New Jersey State prosecutors are currently investigating the Wyckoff Police Department after its police chief sent an open email defending racial profiling as a valid form of policing, urging his officers to “watch out for suspicious black people in white neighborhoods.”
Wyckoff Police Chief Benjamin Fox agreed Tuesday to step down with pay as the township’s chief of police as the NJ Attorney General investigates an ACLU complaint that he supports the use of racial profiling, according to Township Administrator Bob Shannon.
The Wyckoff Township Committee met Tuesday night upon notification of the Attorney General’s Investigation in an emergency session to address the issue. Fox was at the meeting, and agreed to go on immediate administrative leave until the investigation was completed.
The complaint from the ACLU originally stems from a December 5, 2014 email the chief sent to his entire police force, urging them to “watch out for suspicious black people in white neighborhoods.”
More from Fox:
“Profiling, racial or otherwise has it’s place in law enforcement when used correctly and applied fairly. Unfortunately we have never heard that from our President, top political leaders or our US Attorney General. Don’t ask the police to ignore what we know. Black gang members from Teaneck commit burglaries in Wyckoff. That’s why we check out suspicious black people in white neighborhoods. White kids buy heroin in black NYC neighborhoods. That’s why the NYPD stops those white kids. The police know tl1ey are there to buy drugs. It’s insane to think that the police should just “dumb down” just to be politically correct. The public wants us to keep them safe and I’m confident that they want us to use our skills and knowledge to attain that goal. “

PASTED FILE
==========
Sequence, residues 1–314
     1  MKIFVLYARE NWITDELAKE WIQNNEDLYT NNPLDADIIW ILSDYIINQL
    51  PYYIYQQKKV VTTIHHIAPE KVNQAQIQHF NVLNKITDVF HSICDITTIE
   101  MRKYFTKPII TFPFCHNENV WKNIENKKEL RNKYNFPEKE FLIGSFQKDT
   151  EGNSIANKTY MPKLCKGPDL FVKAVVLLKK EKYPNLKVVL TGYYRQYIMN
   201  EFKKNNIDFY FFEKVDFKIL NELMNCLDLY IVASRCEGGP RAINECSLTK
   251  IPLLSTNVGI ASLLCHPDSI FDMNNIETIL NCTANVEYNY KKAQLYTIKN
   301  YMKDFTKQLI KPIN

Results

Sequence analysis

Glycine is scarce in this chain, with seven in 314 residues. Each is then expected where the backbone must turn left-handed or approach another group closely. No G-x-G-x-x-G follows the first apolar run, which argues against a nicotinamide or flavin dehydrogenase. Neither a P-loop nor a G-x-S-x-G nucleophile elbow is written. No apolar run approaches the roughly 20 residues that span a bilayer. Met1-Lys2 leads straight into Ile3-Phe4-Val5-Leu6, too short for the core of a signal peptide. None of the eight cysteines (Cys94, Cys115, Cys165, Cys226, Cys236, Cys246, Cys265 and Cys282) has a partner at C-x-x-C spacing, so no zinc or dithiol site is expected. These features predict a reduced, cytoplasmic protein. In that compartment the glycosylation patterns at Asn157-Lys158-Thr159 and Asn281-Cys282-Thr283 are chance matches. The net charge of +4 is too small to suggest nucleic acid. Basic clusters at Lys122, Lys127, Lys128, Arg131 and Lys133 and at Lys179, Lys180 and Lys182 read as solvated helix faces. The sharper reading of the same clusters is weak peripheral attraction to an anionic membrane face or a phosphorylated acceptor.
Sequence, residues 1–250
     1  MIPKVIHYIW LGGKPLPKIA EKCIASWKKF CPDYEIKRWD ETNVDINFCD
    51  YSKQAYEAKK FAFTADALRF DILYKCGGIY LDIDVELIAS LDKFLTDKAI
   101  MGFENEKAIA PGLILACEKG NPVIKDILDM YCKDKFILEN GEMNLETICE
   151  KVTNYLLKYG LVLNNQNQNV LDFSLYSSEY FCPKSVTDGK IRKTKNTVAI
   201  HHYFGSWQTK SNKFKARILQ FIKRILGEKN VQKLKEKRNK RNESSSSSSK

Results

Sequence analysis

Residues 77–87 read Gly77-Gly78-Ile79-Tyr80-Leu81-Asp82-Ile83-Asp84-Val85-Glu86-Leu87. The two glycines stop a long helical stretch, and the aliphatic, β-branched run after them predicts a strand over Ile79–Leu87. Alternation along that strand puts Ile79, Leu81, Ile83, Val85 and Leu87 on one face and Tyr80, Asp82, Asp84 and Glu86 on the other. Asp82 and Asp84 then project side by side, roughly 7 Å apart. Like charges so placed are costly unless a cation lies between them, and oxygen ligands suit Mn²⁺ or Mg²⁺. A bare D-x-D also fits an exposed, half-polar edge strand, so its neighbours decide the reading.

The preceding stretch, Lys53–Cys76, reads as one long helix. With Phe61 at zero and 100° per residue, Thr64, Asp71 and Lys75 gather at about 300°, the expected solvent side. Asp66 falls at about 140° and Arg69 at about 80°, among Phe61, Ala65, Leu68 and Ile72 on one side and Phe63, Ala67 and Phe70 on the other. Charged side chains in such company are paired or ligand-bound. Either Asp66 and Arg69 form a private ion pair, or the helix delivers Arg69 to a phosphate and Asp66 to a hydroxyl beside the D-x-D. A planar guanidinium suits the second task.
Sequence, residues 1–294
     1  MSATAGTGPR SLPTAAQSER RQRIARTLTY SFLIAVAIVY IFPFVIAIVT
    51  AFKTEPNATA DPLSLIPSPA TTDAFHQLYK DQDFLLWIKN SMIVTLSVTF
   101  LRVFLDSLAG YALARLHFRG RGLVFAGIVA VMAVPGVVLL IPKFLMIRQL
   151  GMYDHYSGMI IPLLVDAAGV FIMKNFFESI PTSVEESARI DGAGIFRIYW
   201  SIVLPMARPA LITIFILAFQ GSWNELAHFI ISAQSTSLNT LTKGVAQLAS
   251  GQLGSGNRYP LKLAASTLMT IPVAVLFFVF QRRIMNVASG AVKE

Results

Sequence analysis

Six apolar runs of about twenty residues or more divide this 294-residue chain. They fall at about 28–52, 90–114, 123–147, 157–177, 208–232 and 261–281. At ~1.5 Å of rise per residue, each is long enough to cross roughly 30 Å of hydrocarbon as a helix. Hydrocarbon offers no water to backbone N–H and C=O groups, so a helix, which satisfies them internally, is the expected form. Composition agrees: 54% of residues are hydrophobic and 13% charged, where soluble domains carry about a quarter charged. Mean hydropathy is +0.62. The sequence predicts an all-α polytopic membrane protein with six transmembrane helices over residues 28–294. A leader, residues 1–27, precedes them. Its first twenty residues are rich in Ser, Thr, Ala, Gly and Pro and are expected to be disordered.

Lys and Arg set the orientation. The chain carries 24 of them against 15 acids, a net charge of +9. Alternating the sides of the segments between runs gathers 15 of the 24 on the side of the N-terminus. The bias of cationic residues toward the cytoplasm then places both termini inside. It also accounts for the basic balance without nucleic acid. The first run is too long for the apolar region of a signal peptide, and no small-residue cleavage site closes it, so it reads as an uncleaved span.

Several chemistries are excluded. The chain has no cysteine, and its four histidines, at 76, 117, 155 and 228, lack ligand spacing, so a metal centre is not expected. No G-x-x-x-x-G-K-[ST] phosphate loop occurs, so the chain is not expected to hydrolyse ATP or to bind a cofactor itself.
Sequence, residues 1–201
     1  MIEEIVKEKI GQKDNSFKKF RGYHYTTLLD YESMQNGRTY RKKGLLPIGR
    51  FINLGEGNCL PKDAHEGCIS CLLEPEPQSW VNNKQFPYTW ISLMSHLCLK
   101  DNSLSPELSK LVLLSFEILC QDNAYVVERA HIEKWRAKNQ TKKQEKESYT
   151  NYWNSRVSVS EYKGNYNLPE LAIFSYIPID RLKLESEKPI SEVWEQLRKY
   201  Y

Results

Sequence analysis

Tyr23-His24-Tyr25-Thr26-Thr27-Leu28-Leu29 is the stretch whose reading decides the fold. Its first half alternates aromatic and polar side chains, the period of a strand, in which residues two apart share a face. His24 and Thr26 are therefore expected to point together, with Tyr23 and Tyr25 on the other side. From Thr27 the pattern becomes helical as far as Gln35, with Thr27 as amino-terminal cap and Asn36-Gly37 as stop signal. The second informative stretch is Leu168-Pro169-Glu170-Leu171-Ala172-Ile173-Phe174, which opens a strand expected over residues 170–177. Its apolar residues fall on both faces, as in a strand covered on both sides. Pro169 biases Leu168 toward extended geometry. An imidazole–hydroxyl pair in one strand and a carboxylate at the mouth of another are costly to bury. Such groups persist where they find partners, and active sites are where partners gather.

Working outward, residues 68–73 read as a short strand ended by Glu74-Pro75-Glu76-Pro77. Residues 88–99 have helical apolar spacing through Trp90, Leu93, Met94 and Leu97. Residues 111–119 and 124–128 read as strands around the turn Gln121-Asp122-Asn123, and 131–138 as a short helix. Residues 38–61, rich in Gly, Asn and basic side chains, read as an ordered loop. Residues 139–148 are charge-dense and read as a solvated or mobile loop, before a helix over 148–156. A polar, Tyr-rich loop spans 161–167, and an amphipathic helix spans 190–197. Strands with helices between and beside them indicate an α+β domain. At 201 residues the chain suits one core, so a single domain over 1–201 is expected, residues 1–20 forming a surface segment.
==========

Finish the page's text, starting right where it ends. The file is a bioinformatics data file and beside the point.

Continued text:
The Chief closes his email out by urging his reporting officers to “use your counter reaction as the law allows and you have my 100% support should others complain. If you have done your job correctly, they don’t want to get me on the other end of the phone.”
In a joint statement Tuesday morning, Attorney General Robert Lougy and Bergen County Prosecutor Gurbir Grewal said they aware of the email and that “on its face, the email appears to be a clear violation of the Attorney General’s policy strictly prohibiting racial profiling by police officers. We are conducting a full investigation and will take all appropriate measures.”
ACLU spokeswoman Allison Peltzman said the email arrived last week from an anonymous source.
“When you look at everything we know about the kind of policing that fosters trust between officers and communities, this email shows Wyckoff heading in the opposite direction,” ACLU-NJ senior staff attorney Alexander Shalom said of the email.
Anthony Cureton, head of the Bergenm County NAACP, was equally swift in his response, calling for immediate disciplinary action against Fox. “Using profiling as a justification to combat crime in law enforcement encourages bias policing and is insulting to all the officers that do the job with true intentions of serving and protecting all people,” he said in a public statement.
Fox did not immediately return messages left at his office and on his cell phone seeking comment from initial reporters, and at this time has not made a public statement regarding the incident.
Wyckoff Mayor Kevin Rooney has not yet publicly commented on the investigation either.